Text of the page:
8. Thinking that reviews only matter in top-of-funnel marketing
Getting and managing reviews isn’t the sole domain of marketing.
Though reviews are important during the awareness and consideration stages up at the top of the sales funnel, buyers also use reviews during their selection and purchasing process.
This could include reading reviews for the shortlisted vendors to compare implementation expectations or including review data in their purchase recommendations to other decision-makers.
How to prioritize customer reviews in your sales organization
You don’t need a million reviews to use them to boost your sales process.
Having at least five online reviews can improve your conversion rates by 270% so make sure all your products/services have at least a handful of online verified reviews.
The verified part is important, as this kind of review increases purchase likelihood by 15% since they help nullify risks, especially for higher-priced products and services.
Here are three ways to get more social proof for your business:
1. Give your product or service away through free samples or free trials
More people using your offering means more people with firsthand knowledge that they can use to leave a review.
2. Make it easy for customers to review you
Provide quick links and obvious prompts when asking people to leave a review. The less friction involved in the review process, the more likely people will actually submit one.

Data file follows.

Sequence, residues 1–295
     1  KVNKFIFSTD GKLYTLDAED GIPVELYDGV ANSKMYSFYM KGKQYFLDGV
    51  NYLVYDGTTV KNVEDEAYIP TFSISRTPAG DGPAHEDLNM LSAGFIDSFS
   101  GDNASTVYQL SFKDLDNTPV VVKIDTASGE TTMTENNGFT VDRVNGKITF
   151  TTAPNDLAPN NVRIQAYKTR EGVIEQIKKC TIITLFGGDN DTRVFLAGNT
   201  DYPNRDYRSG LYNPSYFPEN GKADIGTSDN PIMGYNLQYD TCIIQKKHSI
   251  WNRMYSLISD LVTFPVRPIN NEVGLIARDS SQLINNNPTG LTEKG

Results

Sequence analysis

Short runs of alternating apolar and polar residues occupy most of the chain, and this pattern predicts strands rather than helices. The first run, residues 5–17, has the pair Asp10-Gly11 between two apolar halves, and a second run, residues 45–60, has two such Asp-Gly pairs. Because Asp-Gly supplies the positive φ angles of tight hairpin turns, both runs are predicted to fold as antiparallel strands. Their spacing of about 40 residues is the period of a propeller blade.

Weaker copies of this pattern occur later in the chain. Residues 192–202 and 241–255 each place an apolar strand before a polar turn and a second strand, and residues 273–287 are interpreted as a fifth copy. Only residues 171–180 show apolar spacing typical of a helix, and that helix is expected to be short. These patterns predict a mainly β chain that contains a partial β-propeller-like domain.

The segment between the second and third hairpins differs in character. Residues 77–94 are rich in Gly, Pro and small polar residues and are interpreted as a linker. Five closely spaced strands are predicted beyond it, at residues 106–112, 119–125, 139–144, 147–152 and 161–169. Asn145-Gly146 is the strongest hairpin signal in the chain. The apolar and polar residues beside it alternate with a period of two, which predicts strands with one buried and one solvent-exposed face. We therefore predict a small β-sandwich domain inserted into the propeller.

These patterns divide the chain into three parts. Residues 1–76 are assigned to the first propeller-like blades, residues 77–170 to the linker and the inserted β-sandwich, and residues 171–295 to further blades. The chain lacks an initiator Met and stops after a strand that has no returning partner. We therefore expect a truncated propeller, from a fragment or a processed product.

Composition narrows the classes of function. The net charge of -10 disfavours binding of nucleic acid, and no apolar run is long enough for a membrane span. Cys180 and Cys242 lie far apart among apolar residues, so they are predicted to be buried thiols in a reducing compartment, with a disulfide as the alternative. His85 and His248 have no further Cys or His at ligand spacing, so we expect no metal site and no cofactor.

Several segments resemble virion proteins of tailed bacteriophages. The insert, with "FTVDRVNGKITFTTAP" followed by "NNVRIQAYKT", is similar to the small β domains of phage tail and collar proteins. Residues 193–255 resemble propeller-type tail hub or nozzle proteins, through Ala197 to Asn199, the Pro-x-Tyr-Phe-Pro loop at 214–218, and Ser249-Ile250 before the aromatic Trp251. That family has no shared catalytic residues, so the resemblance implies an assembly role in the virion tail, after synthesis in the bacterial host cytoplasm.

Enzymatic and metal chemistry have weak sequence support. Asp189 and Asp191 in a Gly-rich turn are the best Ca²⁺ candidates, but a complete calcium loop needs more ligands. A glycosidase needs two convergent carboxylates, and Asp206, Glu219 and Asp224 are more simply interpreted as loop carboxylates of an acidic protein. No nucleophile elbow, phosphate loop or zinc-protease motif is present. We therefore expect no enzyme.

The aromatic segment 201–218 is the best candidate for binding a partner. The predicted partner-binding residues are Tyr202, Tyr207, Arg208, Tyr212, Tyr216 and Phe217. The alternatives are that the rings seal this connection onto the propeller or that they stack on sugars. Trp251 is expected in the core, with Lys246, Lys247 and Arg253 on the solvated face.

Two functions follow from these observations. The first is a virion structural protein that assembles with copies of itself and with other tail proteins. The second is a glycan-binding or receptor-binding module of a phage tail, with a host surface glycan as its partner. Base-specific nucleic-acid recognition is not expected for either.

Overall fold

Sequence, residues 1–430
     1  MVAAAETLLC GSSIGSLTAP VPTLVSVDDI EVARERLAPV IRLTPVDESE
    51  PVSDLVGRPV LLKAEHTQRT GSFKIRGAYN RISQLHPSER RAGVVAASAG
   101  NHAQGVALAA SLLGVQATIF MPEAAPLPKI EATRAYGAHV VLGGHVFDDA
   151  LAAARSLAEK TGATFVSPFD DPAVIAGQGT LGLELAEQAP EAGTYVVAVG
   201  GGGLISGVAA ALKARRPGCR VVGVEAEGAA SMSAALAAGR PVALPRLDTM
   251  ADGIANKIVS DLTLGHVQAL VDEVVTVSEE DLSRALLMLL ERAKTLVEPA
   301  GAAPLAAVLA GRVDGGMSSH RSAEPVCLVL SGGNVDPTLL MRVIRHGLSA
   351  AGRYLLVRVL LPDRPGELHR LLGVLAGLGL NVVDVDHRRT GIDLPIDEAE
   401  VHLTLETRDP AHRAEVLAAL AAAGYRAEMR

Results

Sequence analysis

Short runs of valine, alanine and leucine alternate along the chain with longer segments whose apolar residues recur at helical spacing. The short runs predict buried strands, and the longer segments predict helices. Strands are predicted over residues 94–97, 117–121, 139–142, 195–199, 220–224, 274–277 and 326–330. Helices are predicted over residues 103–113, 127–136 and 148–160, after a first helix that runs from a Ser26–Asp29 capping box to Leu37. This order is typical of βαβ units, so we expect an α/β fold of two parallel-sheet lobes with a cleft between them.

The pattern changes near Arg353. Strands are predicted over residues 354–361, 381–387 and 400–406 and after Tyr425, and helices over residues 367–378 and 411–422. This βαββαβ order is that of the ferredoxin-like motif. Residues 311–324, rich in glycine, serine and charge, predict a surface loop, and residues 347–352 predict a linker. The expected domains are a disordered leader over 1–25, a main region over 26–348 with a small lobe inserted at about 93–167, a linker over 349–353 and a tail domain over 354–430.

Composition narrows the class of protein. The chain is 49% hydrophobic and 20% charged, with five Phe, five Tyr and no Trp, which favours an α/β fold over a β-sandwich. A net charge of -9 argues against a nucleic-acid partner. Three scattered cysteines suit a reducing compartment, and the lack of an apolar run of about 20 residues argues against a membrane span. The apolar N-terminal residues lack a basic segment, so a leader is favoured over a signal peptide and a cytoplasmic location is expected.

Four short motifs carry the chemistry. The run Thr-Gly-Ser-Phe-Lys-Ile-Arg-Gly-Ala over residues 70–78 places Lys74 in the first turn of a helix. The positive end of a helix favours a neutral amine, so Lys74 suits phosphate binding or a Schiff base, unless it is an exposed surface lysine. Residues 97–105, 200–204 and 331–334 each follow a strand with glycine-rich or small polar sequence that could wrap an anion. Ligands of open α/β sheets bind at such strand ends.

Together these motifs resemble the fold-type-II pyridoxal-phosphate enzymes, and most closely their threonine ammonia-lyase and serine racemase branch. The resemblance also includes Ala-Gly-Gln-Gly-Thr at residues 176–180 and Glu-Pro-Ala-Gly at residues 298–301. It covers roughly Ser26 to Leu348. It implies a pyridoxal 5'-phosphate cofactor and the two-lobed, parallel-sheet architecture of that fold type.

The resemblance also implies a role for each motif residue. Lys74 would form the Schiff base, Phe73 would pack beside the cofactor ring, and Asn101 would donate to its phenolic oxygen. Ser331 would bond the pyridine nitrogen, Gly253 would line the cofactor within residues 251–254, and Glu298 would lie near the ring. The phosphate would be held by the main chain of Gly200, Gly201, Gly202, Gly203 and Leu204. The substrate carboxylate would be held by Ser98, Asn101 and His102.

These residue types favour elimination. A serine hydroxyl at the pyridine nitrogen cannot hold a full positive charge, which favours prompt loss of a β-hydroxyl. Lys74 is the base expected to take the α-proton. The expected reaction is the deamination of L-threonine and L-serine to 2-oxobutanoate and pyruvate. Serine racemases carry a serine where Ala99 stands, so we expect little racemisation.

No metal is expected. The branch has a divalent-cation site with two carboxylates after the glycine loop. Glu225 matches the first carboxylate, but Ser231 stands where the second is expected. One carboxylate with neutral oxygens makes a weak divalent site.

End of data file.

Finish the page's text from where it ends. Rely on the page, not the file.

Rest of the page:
3. Make sure your review process asks specific questions
Don’t settle for yes or no answers. Ask questions that are sure to get robust answers and detailed explanations. People tend to seek out more in-depth B2B reviews that talk about aspects like usability and features, support, implementation, ROI and achievements others have realized in using the product or service.
Bonus tip: Don’t forget about other social proof channels
User reviews are great, but they’re not the only social-proof game in town.
Other ways to build confidence in the eyes of your prospects include:
- Encouraging more direct referrals from your existing clients. People tend to trust their friends and colleagues.
- Displaying customer count or usage numbers. Show how many people or companies use your product or service or how much money your clients have made. (FYI, as of writing, winning proposals sent by Proposify customers have brought in more than $50 million in the last 30 days!)
- Seeking out endorsements. These could come from celebrities and industry experts or co-branding opportunities with established, complementary companies.
- Highlighting any certifications. Let people know if you’ve been validated by a third party, like the Better Business Bureau, or featured on an industry best-of list.